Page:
Olympic park, Temple of Heaven, and on to Xi’an

12 02 2010

We were on a planning roll at this point, so we had our next day all mapped out and got up early to check out of the hostel, store our bags there and then head out to the Olympic park. We had to transfer metros about five times and then we made it. The Birds’ Nest (the giant stadium built specifically for the Olympics) was large, though we were not allowed in becauseof some winter wonderland thing they had going on there. After that we walked over to the WaterCube (where they had the water events) which was being renovated to make room for a mall or something. And that was about it with the Olympic park. Here is a picture of a kid posing with one of the Olympic park’s Birds’ Nest shaped light fixtures:

After this, we headed over to a restaurant/cafetaria in the vicinity of Tian’anmen Square. They way they work here is, you pay a certain amount of money at a little cash register kiosk, and you get a card with the amount, which you take into the area, a collection of different kinds of restaurants. When you find something you want, you point and you get the food, then the amount is taken off your card. Mine and Dorian’s food was good, though I think the girls didn’t have similar success with theirs. Then we moved on to the Temple of Heaven.

The Temple of Heaven is one of Beijing’s other big tourist attractions. It’s a very large park, which we discovered when we somehow managed to go the wrong way out of the subway station, which forced us to walk for about 15 minutes to the north entrance instead of the East one which was literally 20 feet behind us. Real smart on our part. The temple itself was impressive, though it was a bit gray and ugly outside on this day. After touring the grounds, we took turns dancing on a makeshift dance floor near one of the park’s exits. There is a particularly amusing video of Dorian getting down with a Chinese lady, though we’ll just have to hope he sends it to me. Missy and I also did some rug-cutting, though that was sadly not documented on film. Here is a picture of the temple:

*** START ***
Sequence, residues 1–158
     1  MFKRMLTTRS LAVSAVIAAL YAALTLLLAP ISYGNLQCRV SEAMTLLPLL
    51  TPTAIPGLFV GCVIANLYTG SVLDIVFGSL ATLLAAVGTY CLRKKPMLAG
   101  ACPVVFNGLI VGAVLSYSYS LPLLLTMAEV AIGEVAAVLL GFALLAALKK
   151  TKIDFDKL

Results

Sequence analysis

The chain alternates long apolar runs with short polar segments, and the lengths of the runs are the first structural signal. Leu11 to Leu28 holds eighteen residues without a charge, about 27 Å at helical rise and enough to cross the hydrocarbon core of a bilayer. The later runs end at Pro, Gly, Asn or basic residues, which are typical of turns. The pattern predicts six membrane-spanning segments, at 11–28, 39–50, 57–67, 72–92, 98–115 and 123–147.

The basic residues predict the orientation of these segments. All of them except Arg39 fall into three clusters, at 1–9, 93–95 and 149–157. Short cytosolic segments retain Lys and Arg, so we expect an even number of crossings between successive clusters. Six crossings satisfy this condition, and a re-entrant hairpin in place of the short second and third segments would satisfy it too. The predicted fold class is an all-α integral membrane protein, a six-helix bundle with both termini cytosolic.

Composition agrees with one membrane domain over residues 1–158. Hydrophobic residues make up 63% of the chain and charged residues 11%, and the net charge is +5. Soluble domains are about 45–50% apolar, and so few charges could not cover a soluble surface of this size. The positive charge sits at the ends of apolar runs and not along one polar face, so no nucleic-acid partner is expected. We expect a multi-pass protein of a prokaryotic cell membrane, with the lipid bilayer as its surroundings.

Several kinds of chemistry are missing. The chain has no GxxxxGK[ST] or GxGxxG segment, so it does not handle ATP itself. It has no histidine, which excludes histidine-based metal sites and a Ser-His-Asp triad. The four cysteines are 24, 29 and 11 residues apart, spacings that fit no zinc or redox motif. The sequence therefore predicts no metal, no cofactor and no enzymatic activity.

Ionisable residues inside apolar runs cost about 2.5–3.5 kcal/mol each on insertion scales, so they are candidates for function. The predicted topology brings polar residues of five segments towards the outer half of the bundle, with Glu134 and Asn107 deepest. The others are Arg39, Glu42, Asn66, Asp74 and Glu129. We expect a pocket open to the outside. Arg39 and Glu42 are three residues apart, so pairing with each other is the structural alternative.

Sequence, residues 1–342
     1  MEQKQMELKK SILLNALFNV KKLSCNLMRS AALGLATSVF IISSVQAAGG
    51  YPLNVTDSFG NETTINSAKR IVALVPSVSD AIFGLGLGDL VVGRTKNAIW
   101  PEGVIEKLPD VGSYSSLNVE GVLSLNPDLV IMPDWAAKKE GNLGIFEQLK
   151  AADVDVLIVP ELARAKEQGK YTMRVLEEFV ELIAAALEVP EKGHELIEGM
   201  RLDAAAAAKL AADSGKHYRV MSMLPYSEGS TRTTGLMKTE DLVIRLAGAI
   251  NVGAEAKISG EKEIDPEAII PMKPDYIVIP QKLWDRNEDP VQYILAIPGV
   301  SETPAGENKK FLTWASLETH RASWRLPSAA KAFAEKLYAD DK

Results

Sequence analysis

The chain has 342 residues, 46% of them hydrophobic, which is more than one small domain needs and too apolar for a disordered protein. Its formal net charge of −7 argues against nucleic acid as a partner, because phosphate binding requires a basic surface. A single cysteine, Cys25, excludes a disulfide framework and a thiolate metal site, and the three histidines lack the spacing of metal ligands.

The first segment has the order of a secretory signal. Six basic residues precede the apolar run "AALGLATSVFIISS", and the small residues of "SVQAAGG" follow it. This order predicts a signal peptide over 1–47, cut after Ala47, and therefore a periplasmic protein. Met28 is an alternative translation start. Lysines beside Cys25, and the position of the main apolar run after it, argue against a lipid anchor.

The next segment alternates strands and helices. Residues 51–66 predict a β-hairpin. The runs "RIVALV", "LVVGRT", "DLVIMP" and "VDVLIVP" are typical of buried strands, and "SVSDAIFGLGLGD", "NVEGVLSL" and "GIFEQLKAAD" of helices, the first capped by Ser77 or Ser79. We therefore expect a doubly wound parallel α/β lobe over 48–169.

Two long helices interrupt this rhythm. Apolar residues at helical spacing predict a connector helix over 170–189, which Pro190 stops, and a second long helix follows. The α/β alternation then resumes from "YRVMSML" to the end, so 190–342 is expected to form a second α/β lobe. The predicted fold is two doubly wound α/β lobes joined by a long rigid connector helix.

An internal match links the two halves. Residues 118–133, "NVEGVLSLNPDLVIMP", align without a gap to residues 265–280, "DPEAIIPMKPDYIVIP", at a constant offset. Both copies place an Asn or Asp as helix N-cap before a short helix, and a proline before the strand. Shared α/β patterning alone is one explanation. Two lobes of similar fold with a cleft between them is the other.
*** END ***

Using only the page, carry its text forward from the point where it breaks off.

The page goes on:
After leaving the temple, we returned to the hostel to grab our things and catch the flight on to Xi’an. The weather began to take a turn for the worst, something which turned out to be a theme for later in the trip. Finally, we’d like to show a picture of the hostel in Beijing, a traditional hutong courtyard place:





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